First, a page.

Corrections, Oct. 29: Due to a reporting error, a previous version of this article incorrectly stated that the ASUO Executive interviewed five candidates; the Executive interviewed all candidates who submitted applications. In the same version of the article, the reporter incorrectly stated that Paustian could not hold both the presidency and the student board representative position. There is no such restriction. The Emerald regrets this error. 

Oregon Governor Kate Brown’s office revealed Oct. 26 that William Paustian will replace Helena Schlegel as the student member on the University of Oregon Board of Trustees.

Since ASUO President Helena Schlegel’s premature resignation on Sept. 25, Brown’s executive appointee staff immediately began accepting applications to recommend a student to fill Schlegel’s shoes as the representative.

Paustian will take over for Schlegel after her final day on Nov. 15, once the Oregon State Senate confirms him.

The ASUO Executive, Schlegel included, was given exactly two weeks to make a recommendation to the governor regarding who best fill the role. The Executive reviewed applications and invited all the candidates for an interview.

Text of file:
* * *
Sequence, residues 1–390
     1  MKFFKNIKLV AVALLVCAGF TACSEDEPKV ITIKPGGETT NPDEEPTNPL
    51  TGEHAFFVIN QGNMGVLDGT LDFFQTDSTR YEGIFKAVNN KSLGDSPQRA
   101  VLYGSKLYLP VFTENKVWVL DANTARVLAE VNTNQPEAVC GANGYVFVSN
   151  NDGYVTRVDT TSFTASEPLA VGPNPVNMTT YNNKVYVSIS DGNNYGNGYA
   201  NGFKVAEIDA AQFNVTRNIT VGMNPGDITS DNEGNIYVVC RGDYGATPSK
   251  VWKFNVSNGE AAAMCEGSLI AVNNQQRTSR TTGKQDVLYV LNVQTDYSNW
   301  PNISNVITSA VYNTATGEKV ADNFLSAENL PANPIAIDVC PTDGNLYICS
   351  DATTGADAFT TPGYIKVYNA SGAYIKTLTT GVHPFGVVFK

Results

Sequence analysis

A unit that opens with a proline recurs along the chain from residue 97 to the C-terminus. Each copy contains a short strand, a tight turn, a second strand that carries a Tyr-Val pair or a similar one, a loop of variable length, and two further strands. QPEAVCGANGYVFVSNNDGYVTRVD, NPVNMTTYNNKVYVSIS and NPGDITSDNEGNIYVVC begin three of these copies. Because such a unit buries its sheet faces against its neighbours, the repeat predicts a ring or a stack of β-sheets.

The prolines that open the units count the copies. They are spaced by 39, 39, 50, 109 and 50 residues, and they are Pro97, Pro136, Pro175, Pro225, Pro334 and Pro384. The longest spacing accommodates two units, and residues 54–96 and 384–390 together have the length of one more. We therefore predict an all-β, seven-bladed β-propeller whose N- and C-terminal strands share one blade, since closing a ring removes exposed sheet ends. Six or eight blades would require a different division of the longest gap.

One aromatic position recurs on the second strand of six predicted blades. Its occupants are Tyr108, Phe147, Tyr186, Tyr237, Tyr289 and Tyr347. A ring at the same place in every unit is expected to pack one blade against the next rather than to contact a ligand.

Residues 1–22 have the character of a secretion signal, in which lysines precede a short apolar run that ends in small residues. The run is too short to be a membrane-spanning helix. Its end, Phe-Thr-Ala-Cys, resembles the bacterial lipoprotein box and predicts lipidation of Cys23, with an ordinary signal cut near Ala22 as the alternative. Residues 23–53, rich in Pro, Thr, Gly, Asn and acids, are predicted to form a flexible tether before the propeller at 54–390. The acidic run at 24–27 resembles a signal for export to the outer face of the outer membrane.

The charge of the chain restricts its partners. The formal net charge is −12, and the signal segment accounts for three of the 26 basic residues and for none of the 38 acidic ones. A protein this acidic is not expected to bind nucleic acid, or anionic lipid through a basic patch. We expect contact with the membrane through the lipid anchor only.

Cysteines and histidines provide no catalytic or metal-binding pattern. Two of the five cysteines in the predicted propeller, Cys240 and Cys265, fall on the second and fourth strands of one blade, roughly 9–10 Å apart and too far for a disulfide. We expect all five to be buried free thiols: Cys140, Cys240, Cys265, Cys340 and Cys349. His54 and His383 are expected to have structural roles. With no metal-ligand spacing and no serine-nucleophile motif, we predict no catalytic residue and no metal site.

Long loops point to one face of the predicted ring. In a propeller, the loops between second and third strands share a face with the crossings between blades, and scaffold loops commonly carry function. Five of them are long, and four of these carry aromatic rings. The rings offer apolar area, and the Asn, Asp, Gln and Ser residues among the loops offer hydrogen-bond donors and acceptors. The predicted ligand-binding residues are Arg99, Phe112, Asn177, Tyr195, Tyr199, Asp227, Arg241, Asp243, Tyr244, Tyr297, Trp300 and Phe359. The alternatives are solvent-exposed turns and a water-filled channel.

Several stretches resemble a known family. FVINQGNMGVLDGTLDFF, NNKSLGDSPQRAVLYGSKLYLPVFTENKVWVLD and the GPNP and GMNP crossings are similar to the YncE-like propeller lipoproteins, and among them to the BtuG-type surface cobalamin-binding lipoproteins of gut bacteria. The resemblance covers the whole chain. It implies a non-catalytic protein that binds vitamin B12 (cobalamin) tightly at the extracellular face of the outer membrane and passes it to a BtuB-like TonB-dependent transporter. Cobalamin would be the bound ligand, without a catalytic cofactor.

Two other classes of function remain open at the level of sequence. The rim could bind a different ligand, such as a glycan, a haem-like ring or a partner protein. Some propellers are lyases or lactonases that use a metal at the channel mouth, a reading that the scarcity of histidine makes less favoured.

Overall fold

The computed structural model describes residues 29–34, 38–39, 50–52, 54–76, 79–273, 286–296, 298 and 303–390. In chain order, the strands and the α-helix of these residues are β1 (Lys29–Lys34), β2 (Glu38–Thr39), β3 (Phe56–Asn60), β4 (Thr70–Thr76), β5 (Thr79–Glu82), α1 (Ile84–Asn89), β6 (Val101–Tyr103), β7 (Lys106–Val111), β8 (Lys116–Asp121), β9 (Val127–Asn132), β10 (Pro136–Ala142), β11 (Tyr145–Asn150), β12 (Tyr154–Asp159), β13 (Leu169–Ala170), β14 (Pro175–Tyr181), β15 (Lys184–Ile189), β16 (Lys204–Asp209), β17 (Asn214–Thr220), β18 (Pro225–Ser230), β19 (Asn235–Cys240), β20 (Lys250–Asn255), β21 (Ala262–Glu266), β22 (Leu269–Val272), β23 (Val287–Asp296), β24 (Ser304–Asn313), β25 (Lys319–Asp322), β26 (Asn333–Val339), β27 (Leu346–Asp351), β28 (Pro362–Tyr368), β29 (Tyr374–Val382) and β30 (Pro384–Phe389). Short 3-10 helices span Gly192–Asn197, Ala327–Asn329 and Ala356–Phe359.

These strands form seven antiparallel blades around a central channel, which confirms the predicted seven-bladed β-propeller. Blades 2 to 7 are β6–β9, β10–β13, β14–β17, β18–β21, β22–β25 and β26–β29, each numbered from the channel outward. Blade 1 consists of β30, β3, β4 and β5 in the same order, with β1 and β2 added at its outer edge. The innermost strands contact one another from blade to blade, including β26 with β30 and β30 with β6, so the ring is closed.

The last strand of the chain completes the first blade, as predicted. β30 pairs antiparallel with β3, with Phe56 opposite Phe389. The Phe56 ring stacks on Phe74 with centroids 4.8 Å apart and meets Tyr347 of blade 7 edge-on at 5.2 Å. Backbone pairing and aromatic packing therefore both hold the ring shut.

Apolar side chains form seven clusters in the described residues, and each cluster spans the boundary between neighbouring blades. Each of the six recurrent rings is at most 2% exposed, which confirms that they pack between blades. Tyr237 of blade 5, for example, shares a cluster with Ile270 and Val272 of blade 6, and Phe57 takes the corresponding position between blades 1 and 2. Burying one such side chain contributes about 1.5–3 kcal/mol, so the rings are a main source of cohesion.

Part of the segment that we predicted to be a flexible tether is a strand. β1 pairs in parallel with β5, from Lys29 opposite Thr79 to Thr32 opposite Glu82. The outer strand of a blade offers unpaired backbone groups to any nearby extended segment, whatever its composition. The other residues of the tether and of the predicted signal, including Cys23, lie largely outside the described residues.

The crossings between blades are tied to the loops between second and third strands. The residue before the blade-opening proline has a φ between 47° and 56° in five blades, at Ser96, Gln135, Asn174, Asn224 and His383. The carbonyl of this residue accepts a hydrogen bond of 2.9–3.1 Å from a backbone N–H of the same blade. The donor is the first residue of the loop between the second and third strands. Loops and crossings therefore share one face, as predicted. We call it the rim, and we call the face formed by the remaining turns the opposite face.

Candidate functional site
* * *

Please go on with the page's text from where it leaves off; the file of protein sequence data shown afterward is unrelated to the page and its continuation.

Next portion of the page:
Paustian will vote on decisions regarding tuition, construction projects and the student conduct code. He will also work with other board members in committees to shape policy on matters affecting all members of the campus community.

ASUO Executive leadership is hopeful that Paustian will not only vote as a member of the highest governing board at the University of Oregon, but will work closely with the board as an advocate for the needs of students.

“The ASUO Executive will be in consistent communication with the student trustee to ensure they are aware of the work the ASUO is doing for students on campus, and how that coincides with what the Board is working on,” Schlegel said.

Last year, prior to when Schlegel was elected ASUO President and only worked as the student member of the Board of Trustees, she rallied with student leaders against the board’s decision to increase tuition by 3.8 percent and advocated for students to increase their involvement in the tuition-setting process. Her resolve has led to a “Tuition and Fees Open Forum,” which took place on Oct. 26. The forum gave students the opportunity to learn about the process by which it is decided and to voice opinions regarding tuition.

Since the introduction of the student BOT member position in the summer of 2014, all three representatives who held the role also served as ASUO President.

The ASUO Senate hopes that the student member could provide a source of information on what is going on in the highest levels.

“I would want us to meet with the new member, and find out how we could, as a small piece of the university that is the ASUO, could fit in with the university, and get the university to reflect on student desire and student input,” ASUO senator Zachary Rentschler said.


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